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E-M:/ Michigan*s Kirtland*s Warblers Set New Record-High for Census Count

Enviro-Mich message from "Richard Morscheck" <morscher@michigan.gov>

July 11, 2005

Contacts: Elaine Carlson 989-826-3211, Todd Hogrefe 517-373-1263 or Mary Dettloff 517-335-3014	

Michigan's Kirtland's Warblers Set
New Record-High for Census Count

Michigan Department of Natural Resources officials today released annual survey information indicating the state's population of the endangered Kirtland's warbler is increasing. 

Biologists, researchers and volunteers counted 1,415 singing males during the 2005 official census period.  This count exceeds the 1,348 males observed in 2004, and represents the largest number recorded since monitoring began. The census was started in 1951, and has been conducted annually since 1971. The lowest numbers were recorded in 1974 and 1987, when only 167 singing males were found.  

The Kirtland's warbler survey is conducted over a 10-day period during the first two weeks of June each year. The birds are counted by listening for their songs. The songs can be heard at distances up to one-quarter mile, providing an excellent way to census the birds with minimum disturbance. Only the males sing, so estimates of population size are obtained by doubling the number of singing males counted.  

The 2005 census was a joint effort of the DNR, U.S. Forest Service, U.S. Fish and Wildlife Service, Michigan Department of Military Affairs and citizen volunteers. This year, singing males (numbers in parentheses) were found in 11 northern Lower Peninsula counties: Alcona (140), Clare (114), Crawford (227), Grand Traverse (1), Iosco (131), Kalkaska (9), Montmorency (14), Ogemaw (479), Oscoda (209), Otsego (47), and Roscommon (26).  Surveyors identified 18 singing males in five Upper Peninsula counties: Baraga (2), Chippewa (2), Delta (6), Luce (4), and Schoolcraft (4). Females were observed with the males, indicating continuing nesting activity in the UP. The production of young has been confirmed in the UP each year since 1996.  In addition to the birds counted in Michigan, three singing males were also observed in Wisconsin this year.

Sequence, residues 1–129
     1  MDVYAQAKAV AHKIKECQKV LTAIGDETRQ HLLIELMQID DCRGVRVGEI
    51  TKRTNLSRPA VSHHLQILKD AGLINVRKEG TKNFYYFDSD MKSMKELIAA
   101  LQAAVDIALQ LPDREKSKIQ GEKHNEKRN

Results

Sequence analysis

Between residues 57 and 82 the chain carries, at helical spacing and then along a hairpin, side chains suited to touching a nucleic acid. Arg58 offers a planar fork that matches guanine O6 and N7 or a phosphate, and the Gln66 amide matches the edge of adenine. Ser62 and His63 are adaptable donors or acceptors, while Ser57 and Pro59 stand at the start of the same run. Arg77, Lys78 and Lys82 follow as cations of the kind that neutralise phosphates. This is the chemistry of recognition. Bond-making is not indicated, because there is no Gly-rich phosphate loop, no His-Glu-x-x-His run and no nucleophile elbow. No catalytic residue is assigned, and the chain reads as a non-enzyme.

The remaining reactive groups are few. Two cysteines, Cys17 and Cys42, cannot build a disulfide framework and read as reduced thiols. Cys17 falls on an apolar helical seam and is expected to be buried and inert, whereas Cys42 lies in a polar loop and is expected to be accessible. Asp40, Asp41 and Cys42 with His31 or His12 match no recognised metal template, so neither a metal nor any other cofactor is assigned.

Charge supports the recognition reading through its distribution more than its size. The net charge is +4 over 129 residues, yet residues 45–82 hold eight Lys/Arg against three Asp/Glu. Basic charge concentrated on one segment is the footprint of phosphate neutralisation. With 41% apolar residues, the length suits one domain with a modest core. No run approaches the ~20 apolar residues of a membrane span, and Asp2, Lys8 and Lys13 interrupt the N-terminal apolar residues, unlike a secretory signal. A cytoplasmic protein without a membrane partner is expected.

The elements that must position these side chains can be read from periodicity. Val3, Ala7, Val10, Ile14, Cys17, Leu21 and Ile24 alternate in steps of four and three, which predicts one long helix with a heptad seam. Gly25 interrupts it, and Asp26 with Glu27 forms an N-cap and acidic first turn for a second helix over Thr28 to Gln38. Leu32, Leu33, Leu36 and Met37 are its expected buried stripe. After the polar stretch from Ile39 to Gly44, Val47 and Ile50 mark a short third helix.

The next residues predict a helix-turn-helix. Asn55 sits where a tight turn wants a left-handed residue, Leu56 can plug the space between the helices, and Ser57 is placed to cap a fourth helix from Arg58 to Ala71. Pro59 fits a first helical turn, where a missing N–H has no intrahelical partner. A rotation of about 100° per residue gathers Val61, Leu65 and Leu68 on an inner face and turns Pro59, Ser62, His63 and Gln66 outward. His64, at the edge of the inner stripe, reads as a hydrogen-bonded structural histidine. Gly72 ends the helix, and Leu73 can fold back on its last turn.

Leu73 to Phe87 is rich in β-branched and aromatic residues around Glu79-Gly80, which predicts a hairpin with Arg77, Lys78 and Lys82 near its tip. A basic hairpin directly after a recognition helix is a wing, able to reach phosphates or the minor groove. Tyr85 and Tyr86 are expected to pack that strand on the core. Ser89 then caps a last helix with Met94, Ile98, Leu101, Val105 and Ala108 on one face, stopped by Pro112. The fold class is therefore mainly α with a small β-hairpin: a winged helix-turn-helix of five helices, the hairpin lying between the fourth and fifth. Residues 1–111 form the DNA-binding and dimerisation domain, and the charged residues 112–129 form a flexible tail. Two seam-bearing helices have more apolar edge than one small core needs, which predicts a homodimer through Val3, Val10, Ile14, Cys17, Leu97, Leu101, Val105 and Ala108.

The Kirtland's warbler population depends on northern Michigan's jack pine barrens ecosystem for nesting habitat. The warbler nests on the ground and selects nesting sites in stands of jack pine between 
four and 20 years old. Historically, these stands of young jack pine were created by natural wildfires that frequently swept through northern Michigan. Modern fire suppression programs altered this natural process, reducing Kirtland's warbler habitat.

To mimic the effects of wildfire and ensure the future of this endangered species, state and federal wildlife biologists and foresters annually manage the forests through a combination of clearcutting, burning, seeding and replanting to promote warbler habitat.  Approximately 3,000 acres of jack pine trees are planted or seeded annually on state and federal lands. The resulting new plantations will provide habitat for warblers in the near future. 

"Additional new habitat will become available each year for the next several years, so we believe the warbler populations will remain stable or increase," said Elaine Carlson, DNR wildlife biologist. "The success of the Kirtland's warbler management program shows that scientific wildlife management works."

DNR Endangered Species Coordinator Todd Hogrefe said the cooperation among the DNR, U.S. Forest Service, U.S. Fish and Wildlife Service, and the Michigan Department of Military Affairs in restoring the warblers' nesting habitat has been outstanding.

"In addition to providing warbler habitat and forest products, the program provides valuable habitat for a variety of plant species, songbirds and game animals," Hogrefe said.

For more information on the Kirtland's warbler, contact the Michigan DNR, Wildlife Division, Natural Heritage Program, Box 30180, Lansing, MI 48909-7680, or at www.michigan.gov/dnr.

The DNR is committed to the conservation, protection, management, use and enjoyment of the state's natural resources for current and future generations.


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